Skip To Main Content
[Dvar Torah] Yitro

In this week's Parsha, we hear about the revelation at Sinai, one of the most important and key events in Jewish History. The Israelites encamp around Mount Sinai and await the 10 commandments. G‑d descends on the mountain amidst thunder, lightning, billows of smoke and the blast of the shofar, and summons Moses to ascend.

We are given the commandments: to believe in G-d; not to worship idols; to keep shabbat; to honour parents; not to murder; not to commit adultery; not to steal; and not to be a false witness. All these commandments have become core values of Judaism, and continue to be practiced to this day.

With this Parsha containing one of the most significant events in Jewish history, one would assume that the name of the parsha would resemble this in one way or another. The parsha is not named after this event, but after Moses’ father in law, Yitro. The parsha begins by telling us about Yitro’s arrival in the desert and how he left his comfortable home in Midian and traveled to the place where the Israelites camped. He had heard about all the miracles G-d performed to help the Israelites out of Egypt.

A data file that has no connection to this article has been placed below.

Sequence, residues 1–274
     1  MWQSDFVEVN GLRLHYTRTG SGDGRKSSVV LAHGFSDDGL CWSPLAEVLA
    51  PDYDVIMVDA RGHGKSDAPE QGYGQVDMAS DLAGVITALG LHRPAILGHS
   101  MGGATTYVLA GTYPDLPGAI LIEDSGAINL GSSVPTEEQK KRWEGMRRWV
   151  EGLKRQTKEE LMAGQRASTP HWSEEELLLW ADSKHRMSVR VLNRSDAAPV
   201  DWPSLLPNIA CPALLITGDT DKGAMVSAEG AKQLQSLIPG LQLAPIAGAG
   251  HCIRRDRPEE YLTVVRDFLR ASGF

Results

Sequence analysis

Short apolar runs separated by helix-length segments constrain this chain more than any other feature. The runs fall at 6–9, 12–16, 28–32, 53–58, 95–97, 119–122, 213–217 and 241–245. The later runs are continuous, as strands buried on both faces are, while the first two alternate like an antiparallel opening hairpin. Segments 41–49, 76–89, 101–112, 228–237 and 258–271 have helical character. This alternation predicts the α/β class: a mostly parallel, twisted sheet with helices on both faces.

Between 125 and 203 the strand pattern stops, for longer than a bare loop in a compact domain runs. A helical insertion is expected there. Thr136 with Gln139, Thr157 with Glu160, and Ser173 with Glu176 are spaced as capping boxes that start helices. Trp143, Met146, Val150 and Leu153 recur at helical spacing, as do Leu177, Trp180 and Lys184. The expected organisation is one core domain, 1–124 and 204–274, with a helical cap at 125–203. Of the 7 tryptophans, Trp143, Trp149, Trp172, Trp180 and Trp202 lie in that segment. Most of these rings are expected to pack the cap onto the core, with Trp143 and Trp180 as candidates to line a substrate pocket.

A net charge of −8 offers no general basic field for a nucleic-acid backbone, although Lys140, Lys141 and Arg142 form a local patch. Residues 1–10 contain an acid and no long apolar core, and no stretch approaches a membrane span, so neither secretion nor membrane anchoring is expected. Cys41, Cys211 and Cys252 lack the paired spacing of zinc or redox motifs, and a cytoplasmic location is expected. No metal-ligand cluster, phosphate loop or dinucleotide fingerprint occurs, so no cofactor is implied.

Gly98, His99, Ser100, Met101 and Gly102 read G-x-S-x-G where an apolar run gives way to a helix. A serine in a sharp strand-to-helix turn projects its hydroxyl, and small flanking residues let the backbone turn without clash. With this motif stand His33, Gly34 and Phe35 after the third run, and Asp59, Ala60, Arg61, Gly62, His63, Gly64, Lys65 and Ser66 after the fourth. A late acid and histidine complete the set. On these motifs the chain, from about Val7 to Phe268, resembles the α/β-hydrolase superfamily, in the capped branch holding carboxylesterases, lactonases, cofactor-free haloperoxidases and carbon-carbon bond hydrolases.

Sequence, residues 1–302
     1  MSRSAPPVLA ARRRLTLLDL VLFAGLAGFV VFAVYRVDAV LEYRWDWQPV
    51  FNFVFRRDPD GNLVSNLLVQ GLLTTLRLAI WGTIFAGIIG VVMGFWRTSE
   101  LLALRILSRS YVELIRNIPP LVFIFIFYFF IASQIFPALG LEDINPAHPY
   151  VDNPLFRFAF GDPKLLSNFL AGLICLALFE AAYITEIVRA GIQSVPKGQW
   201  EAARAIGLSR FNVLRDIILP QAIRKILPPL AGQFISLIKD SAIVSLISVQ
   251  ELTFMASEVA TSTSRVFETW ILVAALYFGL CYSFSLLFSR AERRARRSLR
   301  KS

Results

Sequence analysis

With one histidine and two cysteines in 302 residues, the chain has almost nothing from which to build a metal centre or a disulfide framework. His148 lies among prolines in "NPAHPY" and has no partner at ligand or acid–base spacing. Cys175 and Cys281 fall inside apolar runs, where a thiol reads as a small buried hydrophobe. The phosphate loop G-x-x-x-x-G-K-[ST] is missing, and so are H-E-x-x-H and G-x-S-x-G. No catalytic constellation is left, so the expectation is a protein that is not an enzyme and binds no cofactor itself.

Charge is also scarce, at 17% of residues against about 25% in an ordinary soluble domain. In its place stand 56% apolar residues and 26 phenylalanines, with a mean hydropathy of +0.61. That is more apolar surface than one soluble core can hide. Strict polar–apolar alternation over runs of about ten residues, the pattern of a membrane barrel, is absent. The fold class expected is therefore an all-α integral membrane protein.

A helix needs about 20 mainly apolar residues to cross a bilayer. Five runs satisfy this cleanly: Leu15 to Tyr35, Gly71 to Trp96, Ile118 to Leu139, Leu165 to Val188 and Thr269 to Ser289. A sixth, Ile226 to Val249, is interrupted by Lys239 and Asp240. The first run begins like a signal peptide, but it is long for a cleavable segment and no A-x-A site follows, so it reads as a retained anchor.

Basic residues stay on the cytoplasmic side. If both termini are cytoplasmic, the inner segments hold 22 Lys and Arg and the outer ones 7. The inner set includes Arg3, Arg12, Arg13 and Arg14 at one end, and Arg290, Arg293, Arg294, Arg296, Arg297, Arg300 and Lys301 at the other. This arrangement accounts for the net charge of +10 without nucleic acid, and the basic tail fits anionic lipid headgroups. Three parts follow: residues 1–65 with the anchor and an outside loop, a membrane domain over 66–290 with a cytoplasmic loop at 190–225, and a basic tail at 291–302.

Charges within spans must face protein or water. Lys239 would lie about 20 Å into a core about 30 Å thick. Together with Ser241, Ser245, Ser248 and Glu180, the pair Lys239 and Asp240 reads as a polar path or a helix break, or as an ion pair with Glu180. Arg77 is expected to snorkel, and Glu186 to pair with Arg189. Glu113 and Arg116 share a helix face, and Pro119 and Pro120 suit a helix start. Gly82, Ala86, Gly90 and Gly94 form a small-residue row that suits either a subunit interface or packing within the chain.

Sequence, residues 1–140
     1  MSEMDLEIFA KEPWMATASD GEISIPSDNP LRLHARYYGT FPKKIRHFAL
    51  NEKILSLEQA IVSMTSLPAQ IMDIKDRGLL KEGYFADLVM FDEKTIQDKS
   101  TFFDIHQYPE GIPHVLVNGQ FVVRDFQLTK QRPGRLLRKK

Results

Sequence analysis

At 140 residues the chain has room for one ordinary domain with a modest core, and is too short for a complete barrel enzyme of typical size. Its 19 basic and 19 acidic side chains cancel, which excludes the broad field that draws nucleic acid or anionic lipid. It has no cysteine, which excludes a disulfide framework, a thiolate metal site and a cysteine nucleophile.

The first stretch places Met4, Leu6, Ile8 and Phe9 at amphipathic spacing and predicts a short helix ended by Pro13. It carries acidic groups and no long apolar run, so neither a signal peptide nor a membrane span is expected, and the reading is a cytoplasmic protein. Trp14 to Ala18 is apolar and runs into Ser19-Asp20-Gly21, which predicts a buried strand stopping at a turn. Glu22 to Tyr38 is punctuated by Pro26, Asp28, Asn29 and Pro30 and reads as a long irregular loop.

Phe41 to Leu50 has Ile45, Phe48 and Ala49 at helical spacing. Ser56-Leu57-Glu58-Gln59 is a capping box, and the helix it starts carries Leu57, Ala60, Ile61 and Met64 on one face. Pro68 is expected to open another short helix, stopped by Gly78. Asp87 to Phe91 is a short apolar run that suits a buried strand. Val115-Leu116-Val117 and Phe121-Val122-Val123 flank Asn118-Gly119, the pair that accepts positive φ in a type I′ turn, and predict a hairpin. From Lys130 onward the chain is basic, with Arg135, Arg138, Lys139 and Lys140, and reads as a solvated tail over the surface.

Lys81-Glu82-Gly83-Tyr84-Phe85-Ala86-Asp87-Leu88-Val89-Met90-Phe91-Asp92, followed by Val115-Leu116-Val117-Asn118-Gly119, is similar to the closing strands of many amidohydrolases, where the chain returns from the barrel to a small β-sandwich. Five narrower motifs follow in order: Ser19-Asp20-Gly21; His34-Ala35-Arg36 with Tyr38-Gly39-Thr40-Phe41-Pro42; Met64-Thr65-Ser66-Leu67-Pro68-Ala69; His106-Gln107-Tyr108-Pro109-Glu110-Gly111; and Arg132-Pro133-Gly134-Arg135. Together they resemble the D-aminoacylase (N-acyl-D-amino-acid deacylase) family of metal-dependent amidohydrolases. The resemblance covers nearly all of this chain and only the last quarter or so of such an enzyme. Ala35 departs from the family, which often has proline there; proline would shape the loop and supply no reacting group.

Yitro was not the only person to hear about this event. You can understand the excitement in the ancient world in hearing about the splitting of the sea, or the supernatural 10 plagues. In our day, the media would for sure headline these events. Most heard by word of mouth, and continued with their lives, bar Yitro.

The Talmud explains that before the Exodus, Yitro was a man seeking truth. He studied many religions and worshiped many idols.  He was a man in search of truth who wished and yearned to find the right way of life, who was willing to make sacrifices to do what was morally and ethically right. 

This teaches us a very important lesson in that we should listen to our surroundings, and search for the right path that we should follow, and that sometimes doing the right thing isn't always the easiest thing to do, but by doing something meaningful, we will be on the path to individual growth. 

Shabbat Shalom,

Benjamin, Grade 12